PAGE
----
The Image-Text Connection

Image of a book combing images and poetry, whose pages open and close like an accordian
Image of an art installation in which three rectangles hang on a wall, a string attaching each to a pile of square plates on the ground

Artwork by Alia Zapparova. “Looking at the Top of a Blue Tree,” Concertina book, 14 x 22 cm (from approx. 80 cm long when partially unfolded; 550 cm long when flat), inkjet printed on uncoated paper. “A Disencounter,” inkjet prints on Japanese paper, 30 x 45 cm, silk thread.

When our new Art Editor Alia Zapparova speaks about what first drew her to SAND, a smile spreads across her face. She leans forward and says, “The intersection between image and text, especially the conversation that emerges when visual art is presented in print alongside and in relationship with writing, rather than appearing only as decoration for the writing.”

Alia’s interest in these conversations between image and text is also integral to her own artistic practice. She works between photography and writing, placing them in various configurations, as handmade books, small-scale image-text installations, and performative readings. Her work has been exhibited all over the world, from Berlin and London to Australia, India, Greece, Serbia, and Portugal. 

As a co-coordinator for Artistic Research | Performing Heterotopia, she collaboratively organized and curated events that included a mix of performances, screenings, presentations, readings, and workshops. She is interested in intersections between realities, imaginaries, genres, and mediums; in the ways art collects incompatibilities, heterogeneities, impossible combinations, chance encounters. Her projects often involve collaborative experiments between image and text, such as an image/text publication on the theme of Missing Out, which she is co-creating and co-editing.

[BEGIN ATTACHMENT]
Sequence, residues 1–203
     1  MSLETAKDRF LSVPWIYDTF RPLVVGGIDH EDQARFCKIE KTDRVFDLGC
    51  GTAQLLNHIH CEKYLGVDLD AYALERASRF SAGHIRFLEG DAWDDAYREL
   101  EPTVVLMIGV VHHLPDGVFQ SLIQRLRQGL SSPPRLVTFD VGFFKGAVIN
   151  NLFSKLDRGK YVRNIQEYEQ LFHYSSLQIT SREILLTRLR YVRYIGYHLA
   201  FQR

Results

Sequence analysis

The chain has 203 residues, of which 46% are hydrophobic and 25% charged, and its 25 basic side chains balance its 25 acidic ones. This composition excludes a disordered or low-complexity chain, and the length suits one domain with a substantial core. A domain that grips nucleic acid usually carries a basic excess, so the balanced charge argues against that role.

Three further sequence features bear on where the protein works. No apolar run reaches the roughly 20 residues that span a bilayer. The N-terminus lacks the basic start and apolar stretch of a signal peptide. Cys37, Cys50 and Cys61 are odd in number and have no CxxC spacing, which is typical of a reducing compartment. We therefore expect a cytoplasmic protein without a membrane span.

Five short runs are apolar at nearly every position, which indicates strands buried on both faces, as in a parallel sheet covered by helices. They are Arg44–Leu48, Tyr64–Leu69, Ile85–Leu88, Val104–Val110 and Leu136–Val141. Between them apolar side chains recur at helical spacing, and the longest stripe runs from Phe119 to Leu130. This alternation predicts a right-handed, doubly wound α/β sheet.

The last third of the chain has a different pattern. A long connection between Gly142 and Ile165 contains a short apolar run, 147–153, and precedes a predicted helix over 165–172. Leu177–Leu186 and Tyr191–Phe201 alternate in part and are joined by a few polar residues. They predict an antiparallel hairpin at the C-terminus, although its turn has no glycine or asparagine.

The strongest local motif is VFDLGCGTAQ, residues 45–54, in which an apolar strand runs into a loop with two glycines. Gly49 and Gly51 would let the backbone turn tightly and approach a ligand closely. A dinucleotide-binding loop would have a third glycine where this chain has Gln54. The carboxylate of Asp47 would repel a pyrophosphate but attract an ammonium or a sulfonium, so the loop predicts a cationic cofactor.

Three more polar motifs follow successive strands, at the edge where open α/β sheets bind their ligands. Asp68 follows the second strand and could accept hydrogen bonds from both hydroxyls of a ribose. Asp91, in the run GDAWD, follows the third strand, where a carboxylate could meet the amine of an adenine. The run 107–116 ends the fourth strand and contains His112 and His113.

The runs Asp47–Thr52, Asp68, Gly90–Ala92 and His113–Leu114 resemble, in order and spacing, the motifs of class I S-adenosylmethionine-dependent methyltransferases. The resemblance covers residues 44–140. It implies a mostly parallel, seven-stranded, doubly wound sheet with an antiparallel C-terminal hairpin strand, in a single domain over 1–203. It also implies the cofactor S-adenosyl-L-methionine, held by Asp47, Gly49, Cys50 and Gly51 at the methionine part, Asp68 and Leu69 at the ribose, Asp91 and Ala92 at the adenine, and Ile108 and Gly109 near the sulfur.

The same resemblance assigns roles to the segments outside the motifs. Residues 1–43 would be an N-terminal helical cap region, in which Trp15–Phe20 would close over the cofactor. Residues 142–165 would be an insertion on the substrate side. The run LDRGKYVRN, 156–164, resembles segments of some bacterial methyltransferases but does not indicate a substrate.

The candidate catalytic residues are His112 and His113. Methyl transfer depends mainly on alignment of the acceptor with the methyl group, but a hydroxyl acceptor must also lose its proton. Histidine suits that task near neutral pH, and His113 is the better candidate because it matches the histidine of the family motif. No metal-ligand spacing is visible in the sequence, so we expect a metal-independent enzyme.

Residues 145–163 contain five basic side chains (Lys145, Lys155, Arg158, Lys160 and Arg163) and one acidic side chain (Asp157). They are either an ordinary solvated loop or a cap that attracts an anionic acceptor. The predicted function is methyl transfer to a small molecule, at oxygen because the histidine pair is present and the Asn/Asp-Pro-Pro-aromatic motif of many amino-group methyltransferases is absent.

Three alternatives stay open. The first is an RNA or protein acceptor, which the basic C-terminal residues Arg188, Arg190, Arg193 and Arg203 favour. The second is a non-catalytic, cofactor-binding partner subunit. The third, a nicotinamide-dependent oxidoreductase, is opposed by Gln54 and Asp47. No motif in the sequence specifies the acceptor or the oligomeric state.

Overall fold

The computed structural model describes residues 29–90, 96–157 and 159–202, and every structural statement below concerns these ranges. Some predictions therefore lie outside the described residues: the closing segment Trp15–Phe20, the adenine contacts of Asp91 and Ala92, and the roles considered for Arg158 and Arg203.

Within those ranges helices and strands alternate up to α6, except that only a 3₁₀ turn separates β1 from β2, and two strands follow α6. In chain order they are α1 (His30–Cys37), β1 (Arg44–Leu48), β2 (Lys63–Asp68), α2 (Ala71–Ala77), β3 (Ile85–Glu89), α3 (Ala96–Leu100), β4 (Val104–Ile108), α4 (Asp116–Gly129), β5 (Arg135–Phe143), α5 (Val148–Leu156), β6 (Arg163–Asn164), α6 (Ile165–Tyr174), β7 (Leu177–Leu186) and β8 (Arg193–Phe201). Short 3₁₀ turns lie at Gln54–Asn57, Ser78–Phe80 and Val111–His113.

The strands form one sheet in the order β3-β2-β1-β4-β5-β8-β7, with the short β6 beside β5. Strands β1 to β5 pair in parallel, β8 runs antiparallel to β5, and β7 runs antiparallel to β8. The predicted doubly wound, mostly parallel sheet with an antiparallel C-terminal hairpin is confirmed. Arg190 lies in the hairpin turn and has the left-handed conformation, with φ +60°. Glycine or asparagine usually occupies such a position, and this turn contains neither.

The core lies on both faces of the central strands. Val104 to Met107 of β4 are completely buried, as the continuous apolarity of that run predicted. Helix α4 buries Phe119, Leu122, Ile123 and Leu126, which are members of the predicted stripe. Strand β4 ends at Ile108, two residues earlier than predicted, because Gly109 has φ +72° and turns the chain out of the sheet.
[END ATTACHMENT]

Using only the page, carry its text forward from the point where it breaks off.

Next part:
Abstract image from a project that misuses photographic paper and processes to explore some senses of a “not”: not doing, not printing, not making, and end up with a collection of traces that speak of failures and absences.
Abstract image from a project that misuses photographic paper and processes to explore some senses of a “not”: not doing, not printing, not making, and end up with a collection of traces that speak of failures and absences.

Artwork by Alia Zapparova, from left to right: Pieces from “How Not To,” Chemigrams on silver gelatine paper, 20 x 30 cm. 

In her own work and in the work of other artists, Alia is “interested in practices of unlearning and undoing; in refusals and opacities; in exploring dislocations between language, space and belonging through attention to the everyday.” Alia says she is inspired by artists “whose work has both a simplicity and an opacity, and leaves me with a sense of surprise but also intensifies a state of not-knowing. I am especially interested in art that challenges hierarchies and systems of domination through its materiality.”

When looking at and curating art, Alia finds it important to pay attention to the context of the work. “I am interested in more than the image alone,” she says. “It also always matters who is behind the piece, who is speaking, whose perspective is being presented.”

After joining the team in December, Alia paid homage to the work curated by her predecessor, our long-time Art Editor Ruhi Parmar Amin, by putting together an online exhibition of work published in SAND 20 – 23. (Selections below, full exhibition on Instagram.) Alia was drawn to this work because all of the pieces were “exploring the possibilities of distorted, fragmented, or disintegrating images and bodies, which I think expresses in quite a material way the idea of subverting norms and embodying marginalized perspectives.”

Image of A blurred image of woman smiling - artwork by Guilherme Bergamini - from Feminicid
Painting of bodies folded into themselves and into each other as if those bodies are pieces of clay - Molten Caress by Megan Archer
Still from a video performance entitled "Unlearn the Body" in which the artist, who is disabled, uses a crutch and ropes to shape her body into a distortion
A painting of a man sleeping on a subway train - Late Night Train - Yongjae Kim - Published in SAND 23

Selections from Alia’s online exhibition of art from SAND 20 – 23, from left to right: Detail of work from Feminicid by Guilherme Bergamini (SAND 20), “Molten Caress” by Megan Archer (SAND 21), Detail of still from “Unlearn the Body” by Panteha Abareshi (SAND 23), Detail of “Late Night Train” by Yongjae Kim ( SAND 22). See the full Instagram exhibition

Nearly 100% of the work we publish in SAND is from open submissions. If your artistic work is a fit for SAND, read our submission guidelines and submit here.